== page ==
hey paarth, what about the atom bomb? / 2015
Seventy years after the use of the first atomic bomb, artist Hans van Houwelingen made a film on decisive metaphysics underlying the use of a weapon of mass destruction. The title: hey paarth, what about the atom bomb?
J. Robert Oppenheimer, the architect of the first atomic bomb that was detonated at Los Alamos in New Mexico on July 16, 1945, likened the immense destructive power of the bomb to Shiva’s appearance in the Hindu epic Bhagavad Gita, to the episode where Shiva assumes the form of omnipotent destroyer of worlds in order to convince prince Arjuna wage war. This 2000-year-old holy text, whose wisdom, by its own account, dates back to the earliest days of mankind, announces the Kali Yuga, the ‘era of the demon’, that began in the wake of Arjuna's massive war.
This epoch of degeneration and massacre includes our present age, where humanity is furthest removed from its ideal state. hey paarth, what about the atom bomb? resituates the Bhagavad Gita’s knowledge of humankind within the social and political circumstances that permitted the decision to drop the bomb on Hiroshima - a historical fact that continues to defy our thinking, the notion of an ethical progress of humanity.
In Between Blue Waves and Green Corridors / 2021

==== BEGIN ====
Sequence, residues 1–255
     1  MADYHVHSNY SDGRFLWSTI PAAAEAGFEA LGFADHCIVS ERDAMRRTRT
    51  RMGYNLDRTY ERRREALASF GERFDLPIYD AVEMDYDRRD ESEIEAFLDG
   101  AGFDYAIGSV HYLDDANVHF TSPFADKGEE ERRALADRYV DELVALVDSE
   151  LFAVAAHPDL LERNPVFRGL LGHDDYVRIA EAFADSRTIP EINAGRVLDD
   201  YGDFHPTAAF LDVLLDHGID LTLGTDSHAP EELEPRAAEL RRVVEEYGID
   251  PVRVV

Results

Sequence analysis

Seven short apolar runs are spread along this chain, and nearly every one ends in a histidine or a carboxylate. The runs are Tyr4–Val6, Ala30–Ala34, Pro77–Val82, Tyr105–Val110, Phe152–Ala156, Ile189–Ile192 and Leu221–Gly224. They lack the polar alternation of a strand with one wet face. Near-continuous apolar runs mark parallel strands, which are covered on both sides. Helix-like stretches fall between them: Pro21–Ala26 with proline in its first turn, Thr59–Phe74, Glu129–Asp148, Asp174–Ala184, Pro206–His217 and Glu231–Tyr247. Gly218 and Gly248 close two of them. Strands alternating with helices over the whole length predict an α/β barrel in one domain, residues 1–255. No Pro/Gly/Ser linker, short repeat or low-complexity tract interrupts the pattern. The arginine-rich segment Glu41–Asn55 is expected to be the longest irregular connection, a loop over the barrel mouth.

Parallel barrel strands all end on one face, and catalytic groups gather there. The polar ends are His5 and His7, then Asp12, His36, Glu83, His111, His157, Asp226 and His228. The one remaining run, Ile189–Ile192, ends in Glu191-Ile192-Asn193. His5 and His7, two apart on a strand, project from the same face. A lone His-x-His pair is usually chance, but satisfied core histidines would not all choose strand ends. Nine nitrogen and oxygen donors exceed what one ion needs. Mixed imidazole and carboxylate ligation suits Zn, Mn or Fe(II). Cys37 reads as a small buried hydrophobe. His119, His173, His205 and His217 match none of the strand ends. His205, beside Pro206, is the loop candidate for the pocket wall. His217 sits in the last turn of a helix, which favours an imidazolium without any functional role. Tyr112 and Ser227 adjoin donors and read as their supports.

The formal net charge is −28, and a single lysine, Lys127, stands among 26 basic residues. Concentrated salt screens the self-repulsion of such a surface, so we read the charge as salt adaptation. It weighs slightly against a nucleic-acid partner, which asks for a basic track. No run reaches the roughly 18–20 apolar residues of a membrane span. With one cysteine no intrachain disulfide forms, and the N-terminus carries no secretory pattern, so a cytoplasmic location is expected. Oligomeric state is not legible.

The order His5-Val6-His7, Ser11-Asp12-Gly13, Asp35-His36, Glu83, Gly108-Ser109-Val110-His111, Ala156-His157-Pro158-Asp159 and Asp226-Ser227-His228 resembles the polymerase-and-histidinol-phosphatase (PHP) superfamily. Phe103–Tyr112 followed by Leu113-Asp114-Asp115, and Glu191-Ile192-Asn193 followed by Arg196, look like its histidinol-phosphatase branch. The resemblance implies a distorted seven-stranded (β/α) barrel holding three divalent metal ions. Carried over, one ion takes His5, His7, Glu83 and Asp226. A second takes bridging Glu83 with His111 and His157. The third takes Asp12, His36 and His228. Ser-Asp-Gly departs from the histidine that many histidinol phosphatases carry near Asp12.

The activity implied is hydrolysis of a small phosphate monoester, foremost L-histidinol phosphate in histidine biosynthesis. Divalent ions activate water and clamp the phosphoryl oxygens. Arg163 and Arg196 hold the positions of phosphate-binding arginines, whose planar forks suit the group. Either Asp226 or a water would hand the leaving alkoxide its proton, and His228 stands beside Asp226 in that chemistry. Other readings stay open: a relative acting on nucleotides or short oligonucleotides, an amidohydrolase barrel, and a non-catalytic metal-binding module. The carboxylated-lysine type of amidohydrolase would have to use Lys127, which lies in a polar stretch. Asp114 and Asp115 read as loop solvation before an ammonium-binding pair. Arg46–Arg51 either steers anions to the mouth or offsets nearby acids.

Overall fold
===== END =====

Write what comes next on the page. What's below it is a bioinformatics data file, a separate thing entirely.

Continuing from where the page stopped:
In 2017, the Municipality of Arnhem in the Netherlands plans to demolish the iconic environmental seventies artwork Blue Waves by artist Peter Struycken, to make way for a new park-like interior within its Green Corridor project. Artist Hans van Houwelingen recruits a group of art students and young artists that start a research on the context in which this development takes place. The central question is how Dutch cultural heritage relates to the interests and responsibilities of its users and owners. What does cultural heritage mean, what is its value and who is determining this? In short, what factors and actors decide on the fate of public cultural heritage?Between Blue Waves and Green Corridor started as a temporary workshop with art students from BEAR fine arts, the bachelor's program of ArtEZ art academy. In 2019, the academy board officially distances itself from the students, whose political activities interfered with real estate interests. Secretly the academy supported the demolition plans of the city. The project then was continued independently of the academy and grew into a two-year study by an autonomous group of young artists that called itself: the ArteZTeam. Many municipal council meetings and many hours of interview with politicians, historians, local residents, schools, commercial companies, lawyers, heritage institutions, architects, art institutes, art lovers and art haters, show that nobody really knows the rules and codes of conduct to take care of public cultural heritage. Are there any at all? Experts have more questions than answers. Stakeholders randomly collect arguments to their own benefit. Politicians produce their own lying narratives. The recordings indicate a spectacle of opinions and assumptions, mostly from an evidently opportunistic nature. Usually a work of art moves within a conventional cultural, economic and political framework. In this film the roles are reversed, the framework plays the leading role. All the actors that we know for enabling art – those who assess and safeguard art – are here themselves protagonists in an inscrutable drama: of the “culture” in which cultural heritage is prayer. Implicitly, but above all, the interviewers themselves - the young artists who also consistently filmed themselves - outline the contours of a vulnerable new generation in an impenetrable politicized artistic climate. This group of artists however managed to play a crucial role.